10 tips to fix your data disaster

We've all had that "oh no" moment, when something bad happens and data is threatened. ZDNet Australia looks into what to do when the worst has happened.
Written by Suzanne Tindal, Contributor

We've all had that "oh no" moment, when something bad happens and data is threatened. ZDNet Australia looks into what to do when the worst has happened.

  1. You've dropped your hard drive

    If dropped, mechanical hard drives can be damaged. If the hard drive is spinning while the accident happens, it's likely that the heads will be forced out of alignment, according to data recovery specialist Kroll Ontrack. It advised that users shouldn't power up the drive again, but instead have it checked out by a data recovery specialist.

    Hard drive manufacturer Seagate recommends purchasing a drive that has been ruggedised, or has extra reinforcements, as a prevention method.

  2. Your drive is making strange noises

    The worst-case scenario is that the heads have come into contact with the platters. If the hard drive continues to be used while this is the case, data will "quite literally turn to dust" as the media is ground away, according to Kroll Ontrack.

    Kroll Ontrack said that the user needs to turn off the system immediately and get assistance. Users should not run volume repair or defragmenter utilities.

  3. A volume on your drive is corrupted

    Logical volumes can become corrupted, especially on external hard drives and thumb drives that aren't properly ejected before being disconnected, according to Kroll Ontrack. It advises restoring data using do-it-yourself (DIY) software found on the web. Try two or three to find the optimal tool for the situation.

  4. You accidentally deleted a file

    Pressing the Delete key doesn't mean that the data is gone, the data recovery specialist said. Users should turn off the machine immediately with the power button — not the shutdown feature — to try to prevent data from disappearing. An internet search will uncover tools to help recover the data, but the company recommends installing the program to a thumb drive or slaving the hard drive to another PC to minimise the chance of overwriting data.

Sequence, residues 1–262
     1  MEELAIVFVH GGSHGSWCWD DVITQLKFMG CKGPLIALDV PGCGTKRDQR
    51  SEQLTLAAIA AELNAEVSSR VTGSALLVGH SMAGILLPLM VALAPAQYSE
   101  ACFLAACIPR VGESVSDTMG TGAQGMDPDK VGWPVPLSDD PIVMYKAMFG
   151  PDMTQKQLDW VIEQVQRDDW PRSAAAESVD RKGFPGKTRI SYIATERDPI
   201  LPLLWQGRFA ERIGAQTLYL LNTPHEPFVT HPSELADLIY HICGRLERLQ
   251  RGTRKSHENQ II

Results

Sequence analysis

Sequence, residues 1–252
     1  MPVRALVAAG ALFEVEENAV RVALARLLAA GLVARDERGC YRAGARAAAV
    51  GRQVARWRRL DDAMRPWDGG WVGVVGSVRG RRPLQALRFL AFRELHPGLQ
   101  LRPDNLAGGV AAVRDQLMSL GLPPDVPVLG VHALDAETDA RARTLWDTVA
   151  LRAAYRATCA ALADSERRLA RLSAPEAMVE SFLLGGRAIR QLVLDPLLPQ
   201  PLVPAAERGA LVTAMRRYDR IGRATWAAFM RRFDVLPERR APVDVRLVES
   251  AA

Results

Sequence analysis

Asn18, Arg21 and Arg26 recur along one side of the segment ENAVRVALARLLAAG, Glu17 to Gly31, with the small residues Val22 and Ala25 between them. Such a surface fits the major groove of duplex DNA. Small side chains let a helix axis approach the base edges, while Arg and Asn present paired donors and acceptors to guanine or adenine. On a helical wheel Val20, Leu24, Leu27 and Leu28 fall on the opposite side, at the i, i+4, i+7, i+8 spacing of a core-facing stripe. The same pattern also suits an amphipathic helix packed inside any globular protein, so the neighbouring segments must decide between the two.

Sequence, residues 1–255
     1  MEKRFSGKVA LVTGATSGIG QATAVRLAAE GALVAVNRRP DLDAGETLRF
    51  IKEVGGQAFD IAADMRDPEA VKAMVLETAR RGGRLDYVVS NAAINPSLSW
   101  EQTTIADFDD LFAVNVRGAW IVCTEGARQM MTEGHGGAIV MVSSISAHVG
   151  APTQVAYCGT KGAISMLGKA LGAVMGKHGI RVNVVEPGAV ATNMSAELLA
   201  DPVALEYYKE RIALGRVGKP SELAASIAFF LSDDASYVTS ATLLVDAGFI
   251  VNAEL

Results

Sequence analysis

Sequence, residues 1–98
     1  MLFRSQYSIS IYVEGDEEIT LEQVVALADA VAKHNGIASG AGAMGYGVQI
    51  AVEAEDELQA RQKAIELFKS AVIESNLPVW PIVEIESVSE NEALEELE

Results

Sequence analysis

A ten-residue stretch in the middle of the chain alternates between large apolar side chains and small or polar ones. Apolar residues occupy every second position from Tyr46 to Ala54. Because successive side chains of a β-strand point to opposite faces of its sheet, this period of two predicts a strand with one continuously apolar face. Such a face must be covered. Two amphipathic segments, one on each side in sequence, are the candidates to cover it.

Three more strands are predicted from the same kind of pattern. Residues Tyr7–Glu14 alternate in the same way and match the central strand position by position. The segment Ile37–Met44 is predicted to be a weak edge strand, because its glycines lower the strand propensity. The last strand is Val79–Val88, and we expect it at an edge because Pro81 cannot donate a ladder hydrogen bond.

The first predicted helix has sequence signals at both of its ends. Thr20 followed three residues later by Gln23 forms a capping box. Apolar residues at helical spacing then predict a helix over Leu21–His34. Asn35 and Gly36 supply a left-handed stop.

5. An Outlook file (PST) gets corrupted

    Kroll Ontrack suggests that users not try to repair the original file in its original location, but instead copy the file to another location and try DIY software from the web before calling in a data recovery specialist.

  6. A virtual machine crashes

    Due to the speed at which virtualisation moves, virtual servers are vulnerable to data loss. Kroll Ontrack said that the best course of action is to take a copy of each hard drive in the affected storage group to revert to if the recovery goes awry. The company suggested tools like FTK Imager to make the copies live.

  7. A drive fails in a RAID system

    The key, according to Kroll Ontrack, is to never replace the failed drive with a drive that was part of a previous RAID system, and to always zero-out the replacement drive before using it. If the file system is unmountable, or the data is inaccessible after power is restored, the company said not to run volume repair utilities.

  8. You ran over your hard drive

    Don't stress too much, since as long as the external casing of the device looks OK, it's likely that data will be recoverable; see a recovery specialist.

  9. You got your device wet

    Powering up the hard drive is a bad move; Kroll Ontrack advises keeping the drive in its wet state until getting professional help, which will be carried out in a clean-room. Keeping the drive wet is necessary, as when a drive dries, contaminators present within the water will deposit themselves on the internals of the hard drive.

  10. Nothing's happened yet, but it might

    Remember that the best medicine is often preventative.

    Dimension Data and HP pointed out that companies should always have a working and tested disaster recovery plan. They recommend that organisations do:

    • keep disaster plans up to date
    • keep patches and firmware revisions of the disaster recovery site up to date with the production environment, and test to make sure that this works
    • conduct risk assessments, as many companies are unaware of their weakest point

    They recommend that organisations don't:

    • have their disaster recovery site in the same building, block or neighbourhood as their main site
    • use decommissioned or outdated hardware for the recovery site — it will need to be able to take a large load in the event of a disaster
    • forget laptops and devices, which have critical intellectual property that can also be lost

    Kroll Ontrack also recommends that organisations look carefully at the fine print of cloud contracts, and consider using a hybrid backup solution, since even data in the cloud can be lost. HP said that companies should look for a data protection product that enables them to back-up information, whether it's on the premises, in a virtual environment or on a mobile desktop.

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